Situated in the heart of Bolivia’s administrative capital city of La Paz, the San Pedro prison, the most bizarre prison in the world, is the common destination for people convicted of breaking the country’s laws.
San Pedro prison is one of the largest prisons in Bolivia’s main city and is believed to hold around 3000 dangerous inmates.
However, unlike most prisons, San Pedro is not a normal prison by any stretch of our imagination and that’s exactly what makes this prison so special.
For starters, the prison is guarded only from the outside. The only job of the guards is to make sure that no inmate is able to escape. This means that prison inmates are left on their own to look after themselves and their family.
Before entering the prison, the prisoners must buy their own cells by paying entrance fees.
The cells can be purchased either from the 'Mayor' of the prison complex, or through one of the prison’s freelance real-estate agents.
Many of the inmates in the San Pedro prison actually live together with their wives and children. There are more than 200 children living with their parents in the prison.
Children are under constant danger inside the prison.
In 2013, a 12-year-old girl became pregnant after being raped by a group of men inside the prison, reports Dailymail. But, these offences are treated with a brutal zero-tolerance policy by the inmates and the offenders usually end up drowned in the infamous small swimming pool inside the prison.
There are many different sections in the prison.
The conditions are terrible in the poorer sections where three or four inmates are confined to tiny single-room cells. On the other hand, there are parts which are more like posh apartment blocks in the luxurious La Posta sector, where drug lords and politicians live in luxurious cells with private bathrooms, kitchens and cable television.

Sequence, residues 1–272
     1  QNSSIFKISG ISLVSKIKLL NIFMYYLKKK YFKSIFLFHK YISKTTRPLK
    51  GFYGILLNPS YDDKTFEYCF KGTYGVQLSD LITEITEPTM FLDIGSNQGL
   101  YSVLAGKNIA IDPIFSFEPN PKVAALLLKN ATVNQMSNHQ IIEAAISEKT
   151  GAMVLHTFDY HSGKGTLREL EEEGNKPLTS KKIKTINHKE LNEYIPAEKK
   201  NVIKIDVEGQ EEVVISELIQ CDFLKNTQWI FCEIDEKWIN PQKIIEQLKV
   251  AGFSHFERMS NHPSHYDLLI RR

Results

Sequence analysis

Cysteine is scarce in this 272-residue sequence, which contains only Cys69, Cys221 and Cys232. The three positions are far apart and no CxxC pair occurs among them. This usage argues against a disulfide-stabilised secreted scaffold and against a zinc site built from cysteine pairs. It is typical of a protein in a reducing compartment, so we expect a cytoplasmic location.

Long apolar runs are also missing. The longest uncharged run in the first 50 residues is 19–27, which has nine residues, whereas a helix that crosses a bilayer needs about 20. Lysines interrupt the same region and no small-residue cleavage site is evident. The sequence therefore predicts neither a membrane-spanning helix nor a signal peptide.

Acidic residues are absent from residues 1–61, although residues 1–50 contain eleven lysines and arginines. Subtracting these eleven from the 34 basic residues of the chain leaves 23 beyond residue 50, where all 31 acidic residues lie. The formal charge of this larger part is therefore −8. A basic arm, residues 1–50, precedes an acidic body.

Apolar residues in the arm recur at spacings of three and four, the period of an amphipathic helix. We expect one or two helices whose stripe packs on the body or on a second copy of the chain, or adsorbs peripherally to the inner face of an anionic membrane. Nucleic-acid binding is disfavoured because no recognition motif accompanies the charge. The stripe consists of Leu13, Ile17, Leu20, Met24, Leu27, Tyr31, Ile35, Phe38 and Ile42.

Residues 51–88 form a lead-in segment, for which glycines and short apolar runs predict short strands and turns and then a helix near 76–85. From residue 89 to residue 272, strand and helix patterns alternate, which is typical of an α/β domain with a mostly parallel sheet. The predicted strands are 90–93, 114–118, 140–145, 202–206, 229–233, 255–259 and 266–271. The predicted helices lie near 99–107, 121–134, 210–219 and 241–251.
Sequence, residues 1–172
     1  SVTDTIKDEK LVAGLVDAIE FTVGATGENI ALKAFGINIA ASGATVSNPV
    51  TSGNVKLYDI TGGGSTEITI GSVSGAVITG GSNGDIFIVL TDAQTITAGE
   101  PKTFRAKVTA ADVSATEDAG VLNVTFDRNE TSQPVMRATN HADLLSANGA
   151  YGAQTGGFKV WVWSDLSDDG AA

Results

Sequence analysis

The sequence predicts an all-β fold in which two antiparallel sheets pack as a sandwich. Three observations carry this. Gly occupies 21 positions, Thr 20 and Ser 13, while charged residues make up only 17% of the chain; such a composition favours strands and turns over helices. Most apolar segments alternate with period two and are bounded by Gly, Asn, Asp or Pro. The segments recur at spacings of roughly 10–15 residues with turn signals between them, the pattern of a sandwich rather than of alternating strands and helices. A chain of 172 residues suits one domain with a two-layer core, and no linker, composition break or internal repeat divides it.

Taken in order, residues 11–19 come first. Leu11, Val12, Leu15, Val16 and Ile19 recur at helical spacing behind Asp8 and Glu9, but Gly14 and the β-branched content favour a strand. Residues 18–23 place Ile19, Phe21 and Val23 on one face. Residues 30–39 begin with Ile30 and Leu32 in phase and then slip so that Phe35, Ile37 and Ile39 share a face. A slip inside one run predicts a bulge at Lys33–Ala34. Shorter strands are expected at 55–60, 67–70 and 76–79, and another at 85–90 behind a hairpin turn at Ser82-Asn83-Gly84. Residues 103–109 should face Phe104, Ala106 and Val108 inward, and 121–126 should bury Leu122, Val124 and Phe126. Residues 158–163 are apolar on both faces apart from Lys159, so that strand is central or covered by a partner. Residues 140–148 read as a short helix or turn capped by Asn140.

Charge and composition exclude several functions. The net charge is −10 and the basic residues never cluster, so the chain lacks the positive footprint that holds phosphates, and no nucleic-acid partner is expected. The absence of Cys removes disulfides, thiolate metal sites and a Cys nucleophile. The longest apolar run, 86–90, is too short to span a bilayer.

Living in the La Posta sector costs between $1000 and $1500 and not many prisoners can afford to live there.
Every inmate must earn their living as nothing comes for free.
So many inmates work as shopkeepers, food vendors, pastors, carpenters, barbers, shoe shiners and much more. Some of the prisoners also run restaurants and most famously, cocaine laboratories. The purest form of the drug is made and sold inside the prison. San Pedro operates its own economy.
Some of the prisoners earn money through alcohol. There is also a gambling trade. Up to $20,000 are placed in bets per year on inter-section football matches.
The prisoners have established an operational community with a system for governance in place. They elect eight officials- one for each section in the prison. A small council represents each section and makes decisions for their unit.
While tourists were able to visit the San Pedro prison-doubtlessly one of the strangest tourist destinations in the world- for an entry fee, entry has been restricted since 2009.
Title image: lookwhatwedone"